What if, then, there were an easier, less demanding way to introduce a permanent reduction in your baseline stress? What if there were a method that allowed for a more relaxed, serene mental state – regardless of external circumstance – and didn’t require hours of practice or inconvenient escapism? At the risk of sounding advertorial, research shows that there in fact is just such a solution: veganism.
Bear with me a moment, and set aside your initial reactions to the aforementioned buzz-word. Rest assured, this isn’t a politically driven attempt to convert anyone who staunchly enjoys their carnivorous indulgences, nor is it a moral crusade designed to engender guilt. This is simply the impartial presentation of newfound scientific evidence, intended to inform; there will be no authorial manipulation wielded for purposes of covert conversion.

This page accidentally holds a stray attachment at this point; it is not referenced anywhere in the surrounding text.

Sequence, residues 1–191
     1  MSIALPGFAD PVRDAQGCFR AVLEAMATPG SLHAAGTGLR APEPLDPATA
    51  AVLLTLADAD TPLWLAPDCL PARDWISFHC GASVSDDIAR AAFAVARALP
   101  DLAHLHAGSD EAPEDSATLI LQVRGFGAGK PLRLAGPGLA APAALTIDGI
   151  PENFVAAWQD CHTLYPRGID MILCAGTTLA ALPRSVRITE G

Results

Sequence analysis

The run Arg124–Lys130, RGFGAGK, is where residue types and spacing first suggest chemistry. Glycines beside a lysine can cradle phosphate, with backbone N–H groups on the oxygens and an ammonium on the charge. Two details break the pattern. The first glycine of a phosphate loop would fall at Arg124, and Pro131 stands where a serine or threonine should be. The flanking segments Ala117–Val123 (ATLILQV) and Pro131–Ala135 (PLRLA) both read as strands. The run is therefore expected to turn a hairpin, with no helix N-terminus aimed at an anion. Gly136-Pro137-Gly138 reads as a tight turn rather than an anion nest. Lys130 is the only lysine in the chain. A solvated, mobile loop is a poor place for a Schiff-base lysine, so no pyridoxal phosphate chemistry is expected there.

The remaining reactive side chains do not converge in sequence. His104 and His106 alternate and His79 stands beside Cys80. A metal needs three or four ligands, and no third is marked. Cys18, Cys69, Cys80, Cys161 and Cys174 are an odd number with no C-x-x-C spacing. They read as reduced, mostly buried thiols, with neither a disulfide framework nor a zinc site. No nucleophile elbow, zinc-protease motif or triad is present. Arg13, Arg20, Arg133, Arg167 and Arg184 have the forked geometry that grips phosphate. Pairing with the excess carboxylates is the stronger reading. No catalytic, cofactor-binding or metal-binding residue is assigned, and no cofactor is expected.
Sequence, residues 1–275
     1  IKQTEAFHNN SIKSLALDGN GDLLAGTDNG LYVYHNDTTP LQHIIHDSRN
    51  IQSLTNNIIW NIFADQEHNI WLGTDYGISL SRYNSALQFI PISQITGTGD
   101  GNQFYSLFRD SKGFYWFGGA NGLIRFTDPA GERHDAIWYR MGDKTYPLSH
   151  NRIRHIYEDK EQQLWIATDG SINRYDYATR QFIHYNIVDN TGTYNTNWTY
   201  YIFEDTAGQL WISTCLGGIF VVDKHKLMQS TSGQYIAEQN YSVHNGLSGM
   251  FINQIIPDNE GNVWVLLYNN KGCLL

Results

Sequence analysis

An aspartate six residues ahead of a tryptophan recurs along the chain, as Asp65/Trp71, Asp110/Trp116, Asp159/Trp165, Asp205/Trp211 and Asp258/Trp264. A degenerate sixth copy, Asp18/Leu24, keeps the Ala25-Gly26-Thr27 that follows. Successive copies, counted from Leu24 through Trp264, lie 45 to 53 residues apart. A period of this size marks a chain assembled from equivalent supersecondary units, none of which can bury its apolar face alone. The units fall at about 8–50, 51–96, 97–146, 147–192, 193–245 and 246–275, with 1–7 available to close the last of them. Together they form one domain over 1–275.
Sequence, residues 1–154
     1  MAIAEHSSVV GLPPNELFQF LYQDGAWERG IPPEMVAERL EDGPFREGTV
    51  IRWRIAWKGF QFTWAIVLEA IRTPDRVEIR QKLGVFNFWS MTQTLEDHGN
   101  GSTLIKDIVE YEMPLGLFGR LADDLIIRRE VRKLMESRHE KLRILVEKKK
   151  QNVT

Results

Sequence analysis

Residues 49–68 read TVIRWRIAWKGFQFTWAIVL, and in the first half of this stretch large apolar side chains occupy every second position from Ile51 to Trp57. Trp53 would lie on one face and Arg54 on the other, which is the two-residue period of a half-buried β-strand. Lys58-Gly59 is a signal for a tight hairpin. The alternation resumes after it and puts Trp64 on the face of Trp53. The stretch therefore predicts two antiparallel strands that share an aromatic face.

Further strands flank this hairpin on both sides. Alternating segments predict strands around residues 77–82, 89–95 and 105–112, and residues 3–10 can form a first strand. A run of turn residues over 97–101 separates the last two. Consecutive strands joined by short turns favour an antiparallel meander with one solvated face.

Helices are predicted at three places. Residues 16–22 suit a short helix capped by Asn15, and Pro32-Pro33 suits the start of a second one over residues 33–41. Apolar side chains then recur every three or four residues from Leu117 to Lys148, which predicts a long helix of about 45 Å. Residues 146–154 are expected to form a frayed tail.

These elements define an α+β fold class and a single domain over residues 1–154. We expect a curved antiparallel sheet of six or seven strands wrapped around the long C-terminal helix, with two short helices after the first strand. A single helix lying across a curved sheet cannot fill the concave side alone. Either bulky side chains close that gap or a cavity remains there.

With that disclaimer tended to, let’s examine the research. A recent study conducted by Benedictine University’s Department of Nutrition revealed a significant reduction in stress of participants who adhered to a vegan diet. Indeed, the researchers concluded that a “strict plant-based diet does not appear to negatively impact mood,” and that a “reduction of animal food intake may have mood benefits”. The still more surprising result was how little time and effort this uptick in mood and curtailment of stress took – just one day on a fruit-and-vegetable centered meal plan, sans meat and other animal products, produced measurable decreases in anxiety and lower overall mood disturbance. Participants were also calmer and less agitated immediately following the dietary shift.